We've updated our Privacy Policy to make it clearer how we use your personal data.

We use cookies to provide you with a better experience. You can read our Cookie Policy here.

Rectangle Image

Artificial Enzyme Can Catalyze Reactions

Rectangle Image

Artificial Enzyme Can Catalyze Reactions

Photo courtesy of Ann Donnelly/Hecht Lab/Princeton University
Read time:

A dawning field of research, artificial biology, is working toward creating a genuinely new organism. At Princeton, chemistry professor Michael Hecht and the researchers in his lab are designing and building proteins that can fold and mimic the chemical processes that sustain life. Their artificial proteins, encoded by synthetic genes, are approximately 100 amino acids long, using an endlessly varying arrangement of 20 amino acids.

Now, Hecht and his colleagues have confirmed that at least one of their new proteins can catalyze biological reactions, meaning that a protein designed entirely from scratch functions in cells as a genuine enzyme.

Once Hecht and his research team had successfully created artificial proteins for E. coli, they began looking for critical functions that they could disrupt in these simple bacteria. They found four genes that, when removed, would not only render the E. coli inert -- effectively dead -- but which their artificial proteins could then "rescue," or resuscitate.

They first identified these artificial proteins in 2011, and they have spent the past six years working to figure out the precise mechanisms by which their new proteins functioned, now detailed in a Jan. 15 paper in Nature Chemical Biology.

It's important not to assume that an artificial protein will work the same way as the natural one whose deletion it is rescuing, Hecht cautioned.

Determining the mechanisms their artificial proteins used took countless experiments. "We had four different gene deletions -- four different enzymatic functions," said Ann Donnelly, lead author on the paper.

After years of experiments, the team had concluded that two of these "rescues" operate by replacing enzymes -- proteins that serve to catalyze other reactions, helping them operate quickly enough to sustain life -- with proteins that were not enzymes themselves, but which boost the production of other processes in the cell, she said. The third was showing progress, but the fourth had frustrated multiple researchers who came through Hecht's lab.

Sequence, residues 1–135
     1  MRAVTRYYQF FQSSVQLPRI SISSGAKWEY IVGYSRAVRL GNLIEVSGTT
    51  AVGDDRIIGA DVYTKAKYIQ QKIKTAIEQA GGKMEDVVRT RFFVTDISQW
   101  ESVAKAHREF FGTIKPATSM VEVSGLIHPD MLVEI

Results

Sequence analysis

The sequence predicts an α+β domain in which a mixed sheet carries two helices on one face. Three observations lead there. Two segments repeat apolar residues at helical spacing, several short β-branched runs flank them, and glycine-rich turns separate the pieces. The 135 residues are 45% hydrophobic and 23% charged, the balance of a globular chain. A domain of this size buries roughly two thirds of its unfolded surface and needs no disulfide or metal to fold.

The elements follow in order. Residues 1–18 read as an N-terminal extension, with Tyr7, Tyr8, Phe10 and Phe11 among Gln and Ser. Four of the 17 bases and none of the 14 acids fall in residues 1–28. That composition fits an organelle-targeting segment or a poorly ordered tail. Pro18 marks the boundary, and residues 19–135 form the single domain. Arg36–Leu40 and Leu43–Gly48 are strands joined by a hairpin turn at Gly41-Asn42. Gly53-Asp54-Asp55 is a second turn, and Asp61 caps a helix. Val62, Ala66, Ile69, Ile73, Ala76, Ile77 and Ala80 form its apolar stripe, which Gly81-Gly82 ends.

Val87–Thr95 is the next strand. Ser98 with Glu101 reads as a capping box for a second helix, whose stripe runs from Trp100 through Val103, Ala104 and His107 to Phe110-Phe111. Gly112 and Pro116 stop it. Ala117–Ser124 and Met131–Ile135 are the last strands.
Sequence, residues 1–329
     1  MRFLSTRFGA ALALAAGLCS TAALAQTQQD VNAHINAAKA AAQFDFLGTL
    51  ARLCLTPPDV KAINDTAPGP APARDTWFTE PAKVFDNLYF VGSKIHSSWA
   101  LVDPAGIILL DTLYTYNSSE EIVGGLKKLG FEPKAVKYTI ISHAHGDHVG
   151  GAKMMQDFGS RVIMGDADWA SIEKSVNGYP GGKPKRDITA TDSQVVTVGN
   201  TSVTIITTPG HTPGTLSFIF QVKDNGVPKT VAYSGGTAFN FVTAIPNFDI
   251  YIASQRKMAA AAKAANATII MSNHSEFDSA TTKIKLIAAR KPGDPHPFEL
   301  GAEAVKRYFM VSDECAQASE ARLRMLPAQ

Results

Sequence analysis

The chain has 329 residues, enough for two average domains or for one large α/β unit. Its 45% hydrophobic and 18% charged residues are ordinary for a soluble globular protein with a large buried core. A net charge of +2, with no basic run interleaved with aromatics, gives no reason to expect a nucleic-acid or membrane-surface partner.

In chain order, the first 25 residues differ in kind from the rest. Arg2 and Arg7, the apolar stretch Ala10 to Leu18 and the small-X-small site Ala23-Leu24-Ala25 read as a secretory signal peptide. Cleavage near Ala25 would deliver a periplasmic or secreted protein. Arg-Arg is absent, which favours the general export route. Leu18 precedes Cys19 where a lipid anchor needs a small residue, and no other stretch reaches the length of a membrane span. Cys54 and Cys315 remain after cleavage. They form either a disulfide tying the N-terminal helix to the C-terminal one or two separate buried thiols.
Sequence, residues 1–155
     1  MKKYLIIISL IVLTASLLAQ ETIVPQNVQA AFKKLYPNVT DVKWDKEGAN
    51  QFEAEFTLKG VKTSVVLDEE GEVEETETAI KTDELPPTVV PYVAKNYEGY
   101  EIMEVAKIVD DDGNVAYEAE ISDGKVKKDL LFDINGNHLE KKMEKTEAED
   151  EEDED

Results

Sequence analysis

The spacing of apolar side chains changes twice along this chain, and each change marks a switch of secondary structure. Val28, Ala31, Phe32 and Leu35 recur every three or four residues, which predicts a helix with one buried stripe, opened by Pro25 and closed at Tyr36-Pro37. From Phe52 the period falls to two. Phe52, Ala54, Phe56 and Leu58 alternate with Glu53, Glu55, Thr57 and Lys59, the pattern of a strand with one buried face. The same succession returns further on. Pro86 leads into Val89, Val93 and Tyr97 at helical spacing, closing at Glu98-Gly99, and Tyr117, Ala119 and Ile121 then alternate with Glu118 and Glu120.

But then Donnelly, who was a graduate student when she did the research and is now a research specialist in bioinformatics at the University of Pittsburgh, cracked the code, realizing that the artificial protein, Syn-F4, was actually an enzyme. Out of the original set of proteins that could rescue gene deletions, this is the only one that has turned out to be an enzyme -- at least so far, she said.

"We have a completely novel protein that's capable of sustaining life by actually being an enzyme -- and that's just crazy," Hecht said.

Hecht's team had created a strain of E. coli that was missing the enzyme Fes, without which it cannot access the iron needed to sustain life. "We all need iron," Hecht said. "Even though iron is abundant on earth, biologically accessible iron is not." Cells have developed molecules like enterobactin, he explained, which can scavenge iron from any available source, but they then need a tool -- like Fes -- to wrest the iron from the tight grip of the enterobactin.

This modified E. coli strain had no way to extract, or hydrolyze, the iron from its enterobactin, until it was "rescued" by Syn-F4. The researchers had provided iron to the E. coli, but it only stained the cells red, since although they could accumulate the bound metal, they could not liberate it from enterobactin or access it for cellular use.

"And then Ann noticed ... they aren't red anymore, they're white, which suggests the cells can break this down and get the iron, which suggests we actually have an enzyme!" said Hecht.

Researchers are on the cusp of a true synthetic biology, Hecht said.

"E. coli has 4,000 different genes," he said. "We didn't test all 4,000, because the only way this experiment works is if nothing grows on minimal medium, and of the 4,000, that's only true for some.

"We're starting to code for an artificial genome. We've rescued 0.1 percent of the E. coli genome. ... For now, it's a weird E. coli with some artificial genes that allow it to grow. Suppose you replace 10 percent or 20 percent. Then it's not just a weird E. coli with some artificial genes, then you have to say it's a novel organism."

This article has been republished from materials provided by Princeton University. Note: material may have been edited for length and content. For further information, please contact the cited source.